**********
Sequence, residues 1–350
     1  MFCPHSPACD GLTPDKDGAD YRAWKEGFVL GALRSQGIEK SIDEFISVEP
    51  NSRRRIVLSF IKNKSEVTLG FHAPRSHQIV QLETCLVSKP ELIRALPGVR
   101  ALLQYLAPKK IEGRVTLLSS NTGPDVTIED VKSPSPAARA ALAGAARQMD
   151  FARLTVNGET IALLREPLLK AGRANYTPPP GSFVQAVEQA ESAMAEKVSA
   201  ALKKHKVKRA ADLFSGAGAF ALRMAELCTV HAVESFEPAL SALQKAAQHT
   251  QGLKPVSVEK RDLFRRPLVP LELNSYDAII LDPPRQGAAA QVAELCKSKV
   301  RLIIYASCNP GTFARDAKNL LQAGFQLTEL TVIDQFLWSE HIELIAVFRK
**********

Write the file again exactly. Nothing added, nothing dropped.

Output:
Sequence, residues 1–350
     1  MFCPHSPACD GLTPDKDGAD YRAWKEGFVL GALRSQGIEK SIDEFISVEP
    51  NSRRRIVLSF IKNKSEVTLG FHAPRSHQIV QLETCLVSKP ELIRALPGVR
   101  ALLQYLAPKK IEGRVTLLSS NTGPDVTIED VKSPSPAARA ALAGAARQMD
   151  FARLTVNGET IALLREPLLK AGRANYTPPP GSFVQAVEQA ESAMAEKVSA
   201  ALKKHKVKRA ADLFSGAGAF ALRMAELCTV HAVESFEPAL SALQKAAQHT
   251  QGLKPVSVEK RDLFRRPLVP LELNSYDAII LDPPRQGAAA QVAELCKSKV
   301  RLIIYASCNP GTFARDAKNL LQAGFQLTEL TVIDQFLWSE HIELIAVFRK